Rocket fans will soon be able to follow in Jeff Bezos’ footsteps when it comes to ownership of a suborbital New Shepard space vehicle.
Just be warned that everything will be scaled down: The Blue Origin New Shepard model rocket unveiled this week by Estes Industries will be 1/66th scale, and capable of going up 400 feet rather than 62 miles.
At least the price is scaled down as well: Instead of paying out a billion dollars a year to support Blue Origin’s development program for New Shepard as well as the orbital-class New Glenn rocket and advanced projects, buyers will be asked to shell out a mere $69.99.
Estes is partnering with the Club for the Future, Blue Origin’s educational foundation, to offer New Shepard as a STEM teaching tool. A portion of the sales proceeds will go to the club.
“Our hope is that the new Estes New Shepard model sparks the imagination of future space explorers and inspires them to carve out their own role in helping to invent the future of life in space,” Josef Reinke, director of the Club for the Future, said in a news release.
Estes’ pint-sized New Shepard is available for pre-order from Blue Origin’s online store as well as Estes’ website, with delivery anticipated in November.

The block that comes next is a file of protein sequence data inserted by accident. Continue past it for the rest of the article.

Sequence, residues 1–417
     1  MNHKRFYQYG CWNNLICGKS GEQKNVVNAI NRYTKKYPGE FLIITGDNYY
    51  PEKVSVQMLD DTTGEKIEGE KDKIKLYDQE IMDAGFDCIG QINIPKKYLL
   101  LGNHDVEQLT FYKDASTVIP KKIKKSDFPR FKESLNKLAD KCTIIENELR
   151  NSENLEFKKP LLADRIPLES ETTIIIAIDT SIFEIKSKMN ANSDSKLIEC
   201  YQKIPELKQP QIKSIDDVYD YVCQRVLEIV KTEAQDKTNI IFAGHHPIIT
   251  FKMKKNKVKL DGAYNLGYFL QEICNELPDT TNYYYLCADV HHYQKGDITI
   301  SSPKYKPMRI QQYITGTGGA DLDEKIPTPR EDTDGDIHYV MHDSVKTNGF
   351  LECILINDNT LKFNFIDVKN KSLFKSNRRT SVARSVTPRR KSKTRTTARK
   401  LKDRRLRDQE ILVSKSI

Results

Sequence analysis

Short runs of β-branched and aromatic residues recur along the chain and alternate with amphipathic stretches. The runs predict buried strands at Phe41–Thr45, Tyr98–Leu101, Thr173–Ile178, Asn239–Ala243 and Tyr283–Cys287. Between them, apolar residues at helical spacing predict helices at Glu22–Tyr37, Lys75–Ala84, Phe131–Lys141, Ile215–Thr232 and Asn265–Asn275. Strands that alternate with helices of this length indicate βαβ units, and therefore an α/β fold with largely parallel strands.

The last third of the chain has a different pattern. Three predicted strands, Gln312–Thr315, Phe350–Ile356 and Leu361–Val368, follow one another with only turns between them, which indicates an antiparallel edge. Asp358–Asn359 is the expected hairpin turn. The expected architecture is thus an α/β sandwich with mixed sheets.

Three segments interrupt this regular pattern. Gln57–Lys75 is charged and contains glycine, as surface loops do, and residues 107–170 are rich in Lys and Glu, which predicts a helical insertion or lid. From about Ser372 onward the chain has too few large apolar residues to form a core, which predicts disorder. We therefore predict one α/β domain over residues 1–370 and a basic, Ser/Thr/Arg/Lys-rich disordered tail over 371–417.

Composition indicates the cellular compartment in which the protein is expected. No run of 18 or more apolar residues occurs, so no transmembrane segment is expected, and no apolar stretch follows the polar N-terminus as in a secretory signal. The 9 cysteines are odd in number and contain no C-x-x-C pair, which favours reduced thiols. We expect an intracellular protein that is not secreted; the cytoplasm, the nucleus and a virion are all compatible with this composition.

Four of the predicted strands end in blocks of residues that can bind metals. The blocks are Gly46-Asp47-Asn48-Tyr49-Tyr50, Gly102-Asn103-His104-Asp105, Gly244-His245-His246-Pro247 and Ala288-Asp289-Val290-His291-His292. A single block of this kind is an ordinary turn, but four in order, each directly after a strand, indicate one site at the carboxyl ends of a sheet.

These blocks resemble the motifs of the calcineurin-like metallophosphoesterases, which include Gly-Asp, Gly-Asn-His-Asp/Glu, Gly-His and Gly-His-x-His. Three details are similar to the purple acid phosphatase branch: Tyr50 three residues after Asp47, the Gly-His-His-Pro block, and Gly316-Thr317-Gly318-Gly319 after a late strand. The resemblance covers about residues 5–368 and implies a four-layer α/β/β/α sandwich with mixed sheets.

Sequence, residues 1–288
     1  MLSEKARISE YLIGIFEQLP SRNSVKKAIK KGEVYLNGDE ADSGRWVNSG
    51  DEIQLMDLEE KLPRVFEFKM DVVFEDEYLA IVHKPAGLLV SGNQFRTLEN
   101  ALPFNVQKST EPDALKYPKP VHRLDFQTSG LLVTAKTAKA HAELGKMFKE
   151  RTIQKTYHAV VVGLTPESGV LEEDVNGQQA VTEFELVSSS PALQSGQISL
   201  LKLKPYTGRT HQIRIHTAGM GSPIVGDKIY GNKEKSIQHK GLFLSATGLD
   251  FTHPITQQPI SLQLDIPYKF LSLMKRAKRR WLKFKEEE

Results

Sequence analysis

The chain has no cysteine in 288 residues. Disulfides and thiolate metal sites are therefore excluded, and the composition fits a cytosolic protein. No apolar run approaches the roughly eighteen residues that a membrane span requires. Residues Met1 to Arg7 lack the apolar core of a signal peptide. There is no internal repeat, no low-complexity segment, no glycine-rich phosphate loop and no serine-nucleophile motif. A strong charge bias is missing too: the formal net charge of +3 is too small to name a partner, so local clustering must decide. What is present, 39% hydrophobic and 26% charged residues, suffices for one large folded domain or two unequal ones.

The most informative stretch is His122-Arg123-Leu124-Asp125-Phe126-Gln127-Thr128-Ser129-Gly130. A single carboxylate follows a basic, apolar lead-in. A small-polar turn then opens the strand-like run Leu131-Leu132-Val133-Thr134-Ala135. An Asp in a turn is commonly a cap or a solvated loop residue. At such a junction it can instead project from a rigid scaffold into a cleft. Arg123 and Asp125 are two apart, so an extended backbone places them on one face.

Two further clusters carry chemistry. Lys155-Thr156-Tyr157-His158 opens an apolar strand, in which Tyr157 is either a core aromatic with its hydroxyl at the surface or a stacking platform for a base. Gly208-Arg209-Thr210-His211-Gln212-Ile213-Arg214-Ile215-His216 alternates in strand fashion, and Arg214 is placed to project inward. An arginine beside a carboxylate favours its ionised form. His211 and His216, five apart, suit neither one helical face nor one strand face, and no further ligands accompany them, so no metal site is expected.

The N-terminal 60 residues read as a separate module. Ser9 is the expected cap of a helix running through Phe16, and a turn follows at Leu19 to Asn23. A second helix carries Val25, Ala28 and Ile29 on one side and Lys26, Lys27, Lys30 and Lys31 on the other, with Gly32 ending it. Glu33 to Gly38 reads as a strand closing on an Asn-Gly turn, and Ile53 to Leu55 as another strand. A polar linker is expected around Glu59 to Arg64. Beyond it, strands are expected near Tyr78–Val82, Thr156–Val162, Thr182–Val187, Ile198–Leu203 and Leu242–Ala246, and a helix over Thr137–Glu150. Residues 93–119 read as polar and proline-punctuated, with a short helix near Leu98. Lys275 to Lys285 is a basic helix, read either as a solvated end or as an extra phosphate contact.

Each box will include a Club for the Future postcard for kids to draw or write their vision of how they see the future of life in space. The postcards can then be sent to the Club for the Future, which will put them on a New Shepard flight and then return them to the senders with an official-looking “Flown to Space” stamp.
This week’s announcement comes a little more than a month after Bezos and three crewmates took a suborbital ride to space in a New Shepard capsule, and coincides with today’s successful uncrewed flight of a different New Shepard known as the RSS H.G. Wells.
New Shepard isn’t the first commercial rocket to be turned into a model rocket: A decade ago, Estes sold SpaceShipOne model rockets that paid tribute to that rocket plane’s history-making spaceflights in 2004. And for a while, SpaceX sold model-rocket versions of its workhorse Falcon 9.
Both those kits are now collectors’ items.